The remains of a medieval house and cesspit that it is thought could date to the 13th century were discovered by workmen in Conwy in May, it has been revealed. The site, unearthed about 100 metres from Conwy Castle, could provide more details about the town before 1401, when it is believed to have been burnt to the ground by English forces.
Ashley Batten, senior planning archaeologist with the Gwynedd Archaeological Planning Service, said: “The key thing is the remains are deeply stratified remains. There are lots of layers of activity, as you would expect in an urban area. It gives us an insight into medieval Conwy which may predate the Glyndwyr revolts.”
Ancient royal tomb unearthed in Peru
Archaeologists in Peru have uncovered a royal tomb thought to date from the Wari empire approximately 1,200 years ago. The site, in El Castillo de Huarmey, north of Lima, features the remains of more than 60 people including at least three members of Wari royalty.
British Museum attracts ‘record numbers’ of visitors
The British Museum in London has attracted record numbers of visitors so far in 2013, with 1.7m people passing through its doors since the start of April. The institution’s annual report, published this week, cited exhibitions exploring Pompeii and Herculaneum and Ice Age art as contributing particularly strongly to attendance numbers.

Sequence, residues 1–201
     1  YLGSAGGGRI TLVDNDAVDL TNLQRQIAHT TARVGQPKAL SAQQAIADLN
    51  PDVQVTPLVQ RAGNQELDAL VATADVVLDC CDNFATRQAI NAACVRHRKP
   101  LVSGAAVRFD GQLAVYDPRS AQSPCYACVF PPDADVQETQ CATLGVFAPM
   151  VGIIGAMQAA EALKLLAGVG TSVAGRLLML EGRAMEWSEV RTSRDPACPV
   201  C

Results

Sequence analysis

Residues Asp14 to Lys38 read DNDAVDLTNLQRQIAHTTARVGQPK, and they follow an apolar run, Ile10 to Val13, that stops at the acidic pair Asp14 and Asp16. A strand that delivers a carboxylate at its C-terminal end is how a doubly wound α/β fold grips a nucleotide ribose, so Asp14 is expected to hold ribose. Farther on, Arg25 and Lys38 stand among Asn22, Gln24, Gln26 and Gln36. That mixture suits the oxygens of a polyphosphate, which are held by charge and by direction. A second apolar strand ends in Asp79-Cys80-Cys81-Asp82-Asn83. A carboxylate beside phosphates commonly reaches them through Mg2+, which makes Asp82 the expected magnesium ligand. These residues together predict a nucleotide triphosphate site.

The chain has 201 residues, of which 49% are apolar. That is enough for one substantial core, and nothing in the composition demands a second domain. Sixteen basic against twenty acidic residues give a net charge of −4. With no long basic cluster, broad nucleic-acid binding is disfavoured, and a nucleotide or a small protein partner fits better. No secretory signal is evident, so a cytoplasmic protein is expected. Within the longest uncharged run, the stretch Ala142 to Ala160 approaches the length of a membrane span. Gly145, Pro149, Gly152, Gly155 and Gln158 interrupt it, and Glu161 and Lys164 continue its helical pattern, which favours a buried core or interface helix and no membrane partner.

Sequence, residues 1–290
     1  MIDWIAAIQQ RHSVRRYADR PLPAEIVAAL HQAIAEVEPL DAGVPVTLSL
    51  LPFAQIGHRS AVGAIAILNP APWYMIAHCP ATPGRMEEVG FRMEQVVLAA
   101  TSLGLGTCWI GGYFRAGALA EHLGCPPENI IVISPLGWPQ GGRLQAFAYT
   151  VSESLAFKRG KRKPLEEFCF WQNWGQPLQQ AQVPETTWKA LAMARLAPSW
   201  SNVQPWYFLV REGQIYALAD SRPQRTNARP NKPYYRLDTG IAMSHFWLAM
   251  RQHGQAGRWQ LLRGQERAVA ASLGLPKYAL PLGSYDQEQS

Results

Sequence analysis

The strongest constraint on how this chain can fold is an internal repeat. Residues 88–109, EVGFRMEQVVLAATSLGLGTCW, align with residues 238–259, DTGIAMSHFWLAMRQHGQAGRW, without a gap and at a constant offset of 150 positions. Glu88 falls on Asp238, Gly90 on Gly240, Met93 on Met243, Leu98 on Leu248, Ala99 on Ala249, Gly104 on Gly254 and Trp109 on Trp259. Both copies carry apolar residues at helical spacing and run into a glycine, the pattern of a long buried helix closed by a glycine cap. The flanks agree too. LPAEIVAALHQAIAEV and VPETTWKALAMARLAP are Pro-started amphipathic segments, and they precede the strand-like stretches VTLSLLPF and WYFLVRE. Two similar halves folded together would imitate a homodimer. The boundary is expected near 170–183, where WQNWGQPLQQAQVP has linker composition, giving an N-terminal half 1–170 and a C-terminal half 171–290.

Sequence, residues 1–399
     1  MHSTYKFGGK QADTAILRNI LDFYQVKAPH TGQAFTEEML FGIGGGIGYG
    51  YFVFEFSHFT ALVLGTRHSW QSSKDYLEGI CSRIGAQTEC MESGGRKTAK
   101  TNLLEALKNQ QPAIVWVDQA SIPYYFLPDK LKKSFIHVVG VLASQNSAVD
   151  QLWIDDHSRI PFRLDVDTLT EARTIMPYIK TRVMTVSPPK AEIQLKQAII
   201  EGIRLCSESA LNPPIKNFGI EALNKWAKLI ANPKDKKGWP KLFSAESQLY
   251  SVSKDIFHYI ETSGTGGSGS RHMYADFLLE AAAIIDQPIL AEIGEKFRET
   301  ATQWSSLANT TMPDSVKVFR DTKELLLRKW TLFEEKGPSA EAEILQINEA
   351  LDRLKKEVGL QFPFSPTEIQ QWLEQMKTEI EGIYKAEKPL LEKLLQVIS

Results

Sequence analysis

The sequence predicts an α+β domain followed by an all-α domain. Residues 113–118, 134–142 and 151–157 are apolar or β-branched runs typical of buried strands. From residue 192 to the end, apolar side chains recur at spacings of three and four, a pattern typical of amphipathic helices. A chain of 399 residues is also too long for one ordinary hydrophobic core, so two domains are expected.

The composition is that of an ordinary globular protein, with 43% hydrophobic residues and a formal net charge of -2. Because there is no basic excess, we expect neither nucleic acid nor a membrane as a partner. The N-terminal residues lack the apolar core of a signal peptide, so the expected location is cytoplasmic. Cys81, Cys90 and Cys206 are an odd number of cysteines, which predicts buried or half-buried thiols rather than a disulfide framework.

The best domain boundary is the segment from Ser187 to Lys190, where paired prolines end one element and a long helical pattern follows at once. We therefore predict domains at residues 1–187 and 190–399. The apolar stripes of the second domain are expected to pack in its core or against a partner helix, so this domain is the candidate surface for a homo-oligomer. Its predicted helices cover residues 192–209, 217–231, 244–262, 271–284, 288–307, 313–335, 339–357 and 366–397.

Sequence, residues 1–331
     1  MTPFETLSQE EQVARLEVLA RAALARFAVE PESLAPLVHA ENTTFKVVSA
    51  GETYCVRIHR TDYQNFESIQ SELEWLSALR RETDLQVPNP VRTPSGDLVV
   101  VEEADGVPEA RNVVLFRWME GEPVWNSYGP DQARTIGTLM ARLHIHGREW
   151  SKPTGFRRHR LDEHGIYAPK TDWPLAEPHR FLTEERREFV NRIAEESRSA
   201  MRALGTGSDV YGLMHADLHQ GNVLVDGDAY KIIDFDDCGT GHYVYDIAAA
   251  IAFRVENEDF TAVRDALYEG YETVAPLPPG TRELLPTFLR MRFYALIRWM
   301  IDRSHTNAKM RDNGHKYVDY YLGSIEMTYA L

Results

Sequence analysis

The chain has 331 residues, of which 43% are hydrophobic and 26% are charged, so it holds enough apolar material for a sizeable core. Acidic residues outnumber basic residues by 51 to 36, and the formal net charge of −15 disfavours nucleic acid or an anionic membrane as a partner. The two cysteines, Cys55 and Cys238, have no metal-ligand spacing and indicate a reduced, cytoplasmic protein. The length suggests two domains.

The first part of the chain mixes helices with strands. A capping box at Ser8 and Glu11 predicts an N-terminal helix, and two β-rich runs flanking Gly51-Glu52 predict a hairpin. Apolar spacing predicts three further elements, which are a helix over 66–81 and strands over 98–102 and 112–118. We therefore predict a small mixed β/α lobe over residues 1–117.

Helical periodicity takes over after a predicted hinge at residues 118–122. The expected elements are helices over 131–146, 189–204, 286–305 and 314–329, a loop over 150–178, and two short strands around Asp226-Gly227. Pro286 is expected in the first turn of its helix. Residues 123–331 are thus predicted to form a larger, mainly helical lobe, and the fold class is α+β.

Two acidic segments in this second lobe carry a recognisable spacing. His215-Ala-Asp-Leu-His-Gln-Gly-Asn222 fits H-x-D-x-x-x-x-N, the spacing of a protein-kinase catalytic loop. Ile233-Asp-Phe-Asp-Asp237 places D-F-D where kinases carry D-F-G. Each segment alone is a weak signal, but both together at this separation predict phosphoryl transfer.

Gloucester medieval penny bought for £2,000
A 930-year-old silver coin found in a field near Gloucester has been bought by the city’s council for £2,000. The penny, which features the name of local moneyer Silacwine and is the first known evidence of coins being minted in the area in the years between 1077 and 1080, is set to go on display in Gloucester City Museum.
Facial reconstruction of Mary, Queen of Scots goes on display
A reconstruction of the face of Mary, Queen of Scots created in an attempt to help fill in for a significant absence of portraits during her time on the Scottish throne has gone on display at the National Museum of Scotland. The depiction, based on existing paintings as well as other details about her life, shows the queen as it is thought that she would have appeared when she was around 25 years old.
Isle of Man Viking silver declared ‘treasure trove’
Three silver artefacts found in a field on the Isle of Man and thought to date from between 930 and 1080 AD have been declared treasure trove. The two ingots and brooch fragment, discovered in the village of Andreas in April, are believed to contain more than 60 per cent silver.
Egyptian statue ‘moves’ in Manchester museum
Manchester Museum has attracted record numbers of visitors after a time-lapse video showing an Egyptian statue apparently moving of its own accord became popular online. The 10-inch-tall figure of Neb-Senu, which dates back to 1,800 BC, has been recorded rotating anti-clockwise in a locked cabinet despite not having been touched for 80 years. Scientists believe that the movement may be caused by the vibrations of visitors’ feet.
Image credits: © British Museum (Ice Age artefact); Wilkinson/Aitken University of Dundee (Mary, Queen of Scots)